[N]estled at the foot of the eastern hills, the small temple of Honen-in is a tranquil oasis of green. It stands on the spot where the great Kamakura reformer, Honen Shonin (1133-1212), used to pray six times a day before a statue of Amida. Few of the tourists who make their way along the nearby Philosopher’s Path bother to visit, yet it constitutes the essence of traditional Japan. So attractive was it to the writer Tanizaki that he asked to be buried here. ‘The moment you’re in the hush of the temple compound you naturally feel calm,’ says the protagonist of Diary of a Mad Old Man (1961).
In recent years the temple has won attention not just for its atmosphere, but for its many events — some 50 art exhibitions and 60 concerts a year. There are also regular environmental meetings. It makes the temple more than just a spiritual centre, but something of a community space. The dynamism owes itself to the head monk, Kajita Shinsho, whom I am on my way to meet.
The approach to the temple leads through a mixed woodland, and in the balmy heat of late summer the filtered sunlight casts dappled patterns amidst the shade. Inside the entrance are two rectangular beds of raised sand, the raked patterns on which are like the changing ripples on a pool of water. It speaks of a setting where artistry meets spirituality.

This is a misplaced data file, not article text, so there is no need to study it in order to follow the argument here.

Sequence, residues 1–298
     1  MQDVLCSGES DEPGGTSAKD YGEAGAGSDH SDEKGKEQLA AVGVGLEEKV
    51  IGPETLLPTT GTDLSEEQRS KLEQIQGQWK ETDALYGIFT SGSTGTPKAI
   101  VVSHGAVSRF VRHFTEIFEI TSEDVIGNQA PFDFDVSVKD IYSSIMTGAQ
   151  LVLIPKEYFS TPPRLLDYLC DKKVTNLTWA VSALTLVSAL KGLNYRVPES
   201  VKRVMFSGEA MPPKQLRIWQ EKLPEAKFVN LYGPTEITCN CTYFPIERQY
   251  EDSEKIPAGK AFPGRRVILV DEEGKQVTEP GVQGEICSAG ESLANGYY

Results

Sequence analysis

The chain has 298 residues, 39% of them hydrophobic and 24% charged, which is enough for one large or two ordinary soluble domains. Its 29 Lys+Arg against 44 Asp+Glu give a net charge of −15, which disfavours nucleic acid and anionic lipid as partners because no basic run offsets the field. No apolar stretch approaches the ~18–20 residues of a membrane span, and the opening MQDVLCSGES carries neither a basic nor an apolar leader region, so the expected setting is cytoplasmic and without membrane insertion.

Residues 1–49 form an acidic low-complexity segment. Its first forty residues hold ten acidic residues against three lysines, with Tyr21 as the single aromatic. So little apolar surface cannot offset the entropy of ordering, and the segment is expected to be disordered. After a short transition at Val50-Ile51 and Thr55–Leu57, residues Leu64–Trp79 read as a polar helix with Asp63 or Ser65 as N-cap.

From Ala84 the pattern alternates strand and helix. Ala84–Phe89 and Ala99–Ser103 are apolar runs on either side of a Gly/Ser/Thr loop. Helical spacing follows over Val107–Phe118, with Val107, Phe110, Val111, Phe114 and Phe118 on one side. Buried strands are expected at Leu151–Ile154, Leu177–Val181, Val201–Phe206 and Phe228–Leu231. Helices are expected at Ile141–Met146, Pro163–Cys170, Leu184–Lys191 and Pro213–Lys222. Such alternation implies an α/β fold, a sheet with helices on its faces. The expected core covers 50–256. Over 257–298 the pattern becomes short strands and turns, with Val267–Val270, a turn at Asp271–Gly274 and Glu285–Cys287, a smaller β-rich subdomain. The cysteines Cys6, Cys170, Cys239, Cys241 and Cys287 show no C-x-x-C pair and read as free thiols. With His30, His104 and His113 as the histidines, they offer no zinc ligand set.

I’m ushered into one of the reception rooms where I look through my notes. Born in 1956, the Rev. Kajita studied German at university before entering the priesthood. He became head at a young age and maintains a high profile in Kyoto’s cultural life: as well as founding a group that investigated the greenness of Kyoto supermarkets, he serves on one committee that gives planning advice and another that coordinates the city’s NPOs. He is also on the governing board of Kyoto’s Arts Center, and he gives advice on personal problems in a radio programme with the striking name of Bonze Cafe.
Temple Background For a man who wears so many caps, the shaven-headed priest exudes a genial calm. He talks openly and from the heart; here is none of the closed manner for which Kyoto is famous. Even the most probing of questions are greeted with a smile and measured reflection. He is the third generation of his family to head the temple, and when I question the hereditary principle, he tells me there are plus points as well as minus points to the tradition. In his own case he had always wanted to join the priesthood and has never regretted it. His devotion is clear. I get the feeling too that he enjoys the social aspect. There are some 600 paid-up households (danka) and maintaining good relations with them is vital to the running of the temple. Thanks to this, entrance to the grounds remains free.